It was better, even in the early 20th century. If we take for example my
              town: a 40km suburban area outside Montreal. 50 to 75 years ago,
              Vaudreuil-Dorion was a small town. People living there were working there,
              there were more shops on the main street. The neighbourhood near the train
              station was made of weekend-summer cottages (houses not meant for living
              year-round during the winter). They were owned by people living in Montreal
              during the week, who were going to the cottage during vacation/weekends,
              mostly by train. Those people presumably were working in Montreal. So for
              most people then, travelling from Vaudreuil to Montreal was seen as a long
              distance trip, a commute too far to be done each day, unless perhaps you're
              living next to the train, of if you're the trainman. Even within Montreal,
              distances were seen far. There was no metro, just trams downtown and in the
              surroundings, some people living at the edges if Montreal island were like
              in another town and most of them were working at a distance they could walk.
              And a walkable distance was maybe 30 minutes or more for a single trip. The
              economy regionalised, not centralised into "mega cities" like it is today.

              Today, yes, there is more transit, but still too few people use it even
              though it is full at rush hours. The rest of people are in their metal/glass
              shells morning and end-afternoon. We start losing green spaces and woods,
              even in Vaudreuil, because new housings are built each year. Many people
              find Vaudreuil to Montreal is not far even if it is in reality. If people
              want to retire to nature in a weekend/summer cottage, now they have to go
              even farther to enjoy the "same" amount of quietness they had 50 years ago
              closer to the metropolis, thus again, requiring a car because some of our
              few train and long distance bus lines died in the last decades. The
              scarceness of local shops and those "mega stores" selling packages so heavy
              you can't carry more than one at once don't help the case. They are too much
              concentrated, therefore too few of them exist, and you're more likely to be
              too far from any of these "depot" stores to think about shopping there.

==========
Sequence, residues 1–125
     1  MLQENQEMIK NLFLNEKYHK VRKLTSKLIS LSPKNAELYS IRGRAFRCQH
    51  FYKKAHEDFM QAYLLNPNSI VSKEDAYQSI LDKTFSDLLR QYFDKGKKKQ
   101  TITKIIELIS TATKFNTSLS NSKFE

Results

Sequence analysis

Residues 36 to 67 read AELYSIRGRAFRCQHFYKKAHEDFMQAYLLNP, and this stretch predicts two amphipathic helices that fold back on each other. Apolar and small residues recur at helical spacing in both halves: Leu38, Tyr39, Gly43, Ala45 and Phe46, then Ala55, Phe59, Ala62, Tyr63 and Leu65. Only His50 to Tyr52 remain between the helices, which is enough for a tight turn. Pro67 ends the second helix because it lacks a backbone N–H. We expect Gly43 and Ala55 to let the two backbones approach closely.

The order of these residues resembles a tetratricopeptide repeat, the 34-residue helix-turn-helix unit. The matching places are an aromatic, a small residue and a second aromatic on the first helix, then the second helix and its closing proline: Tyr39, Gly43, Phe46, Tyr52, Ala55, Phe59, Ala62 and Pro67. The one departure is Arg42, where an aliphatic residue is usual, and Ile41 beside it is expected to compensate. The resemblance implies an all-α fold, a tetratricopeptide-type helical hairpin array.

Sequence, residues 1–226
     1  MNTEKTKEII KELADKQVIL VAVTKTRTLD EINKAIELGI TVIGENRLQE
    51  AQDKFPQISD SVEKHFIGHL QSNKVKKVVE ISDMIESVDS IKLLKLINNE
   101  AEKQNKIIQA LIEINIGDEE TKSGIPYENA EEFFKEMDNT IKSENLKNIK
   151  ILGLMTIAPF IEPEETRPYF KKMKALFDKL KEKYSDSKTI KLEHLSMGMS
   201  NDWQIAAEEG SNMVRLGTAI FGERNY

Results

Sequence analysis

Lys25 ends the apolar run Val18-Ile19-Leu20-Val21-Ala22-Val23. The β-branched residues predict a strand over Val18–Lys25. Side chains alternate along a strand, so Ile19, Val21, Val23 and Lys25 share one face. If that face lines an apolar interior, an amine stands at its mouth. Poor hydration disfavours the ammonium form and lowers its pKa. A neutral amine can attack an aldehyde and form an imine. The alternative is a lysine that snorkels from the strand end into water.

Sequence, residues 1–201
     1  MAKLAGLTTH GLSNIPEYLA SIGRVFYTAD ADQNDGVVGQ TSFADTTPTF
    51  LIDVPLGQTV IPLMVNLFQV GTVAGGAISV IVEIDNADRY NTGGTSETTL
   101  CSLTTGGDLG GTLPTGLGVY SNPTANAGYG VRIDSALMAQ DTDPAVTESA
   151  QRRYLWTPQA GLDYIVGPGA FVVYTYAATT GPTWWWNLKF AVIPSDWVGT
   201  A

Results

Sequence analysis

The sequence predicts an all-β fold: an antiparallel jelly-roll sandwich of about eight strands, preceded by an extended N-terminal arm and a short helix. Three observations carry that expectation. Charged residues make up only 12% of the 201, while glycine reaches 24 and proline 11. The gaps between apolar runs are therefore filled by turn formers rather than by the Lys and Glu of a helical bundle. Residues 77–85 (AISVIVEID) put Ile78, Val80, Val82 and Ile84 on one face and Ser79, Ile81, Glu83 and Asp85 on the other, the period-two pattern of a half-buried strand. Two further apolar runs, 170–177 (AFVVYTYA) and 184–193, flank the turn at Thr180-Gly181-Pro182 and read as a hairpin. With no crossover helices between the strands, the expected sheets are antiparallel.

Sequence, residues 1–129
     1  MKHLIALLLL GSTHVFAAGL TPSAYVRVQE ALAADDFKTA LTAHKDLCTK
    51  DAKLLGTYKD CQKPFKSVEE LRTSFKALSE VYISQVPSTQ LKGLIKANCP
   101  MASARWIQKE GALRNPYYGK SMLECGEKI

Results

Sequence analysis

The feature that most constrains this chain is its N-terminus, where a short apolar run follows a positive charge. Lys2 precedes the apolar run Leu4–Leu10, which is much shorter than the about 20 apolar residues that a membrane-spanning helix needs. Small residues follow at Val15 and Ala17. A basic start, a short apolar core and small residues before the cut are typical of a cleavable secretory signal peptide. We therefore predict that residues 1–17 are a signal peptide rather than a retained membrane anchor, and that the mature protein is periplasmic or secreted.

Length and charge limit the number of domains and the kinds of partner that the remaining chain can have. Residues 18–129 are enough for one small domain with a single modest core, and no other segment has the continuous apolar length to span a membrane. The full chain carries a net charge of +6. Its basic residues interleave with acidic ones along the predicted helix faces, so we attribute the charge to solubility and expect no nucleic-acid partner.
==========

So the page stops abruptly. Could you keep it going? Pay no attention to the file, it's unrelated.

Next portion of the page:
I guess the best is to search a job downtown, shop downtown, live downtown
              or close to a transit stop. I hope we'll build new suburban housings close
              to transit, and not let all the land next to transit stops be invaded by
              parking lots.

              Today's thought is good for any North American city. Some changes have to be
              done to correct serious mistakes done in the past 50 years.


              For my job, I could afford searching 1 year (while on welfare with low
              income), and refusing some opportunities until I found one I can accept and
              continue to live carfree. Today I find a better life quality, and feel
              rewarded for my patience, so if you can afford to do the same, I suggest it
              strongly.


              > far to walk. Sometimes I have bicycled, but it
              > takes 45 minutes, and one of my knees doesn't like
              > that much bicycling. Driving takes 10 to 15 minutes.
              > Maybe 20, if the freeway is jammed. So I usually
              > drive. The pay-off is obvious: an hour saved each
              > day.
              I hope your knee gets better, do your best to solve the problem. You should
              try daily quadricep (thigh muscle) and hamstring (back of knee) stretches. I
              do this quite often to keep the muscles stretched, especially before long
              bike rides or downhill hikes. I started to do this after my knee badly
              flamed during a downhill hike. I had a hard time walking home that night.
              But keep fast walking (soft for knees), if you can't cycle much for now.
              This is good for health and keeping activities will help curing health
              problems faster, as long as you don't do the activity that hurts you, for
              now. A sports doctor will give you good advice on what to do next.

              Louis-Luc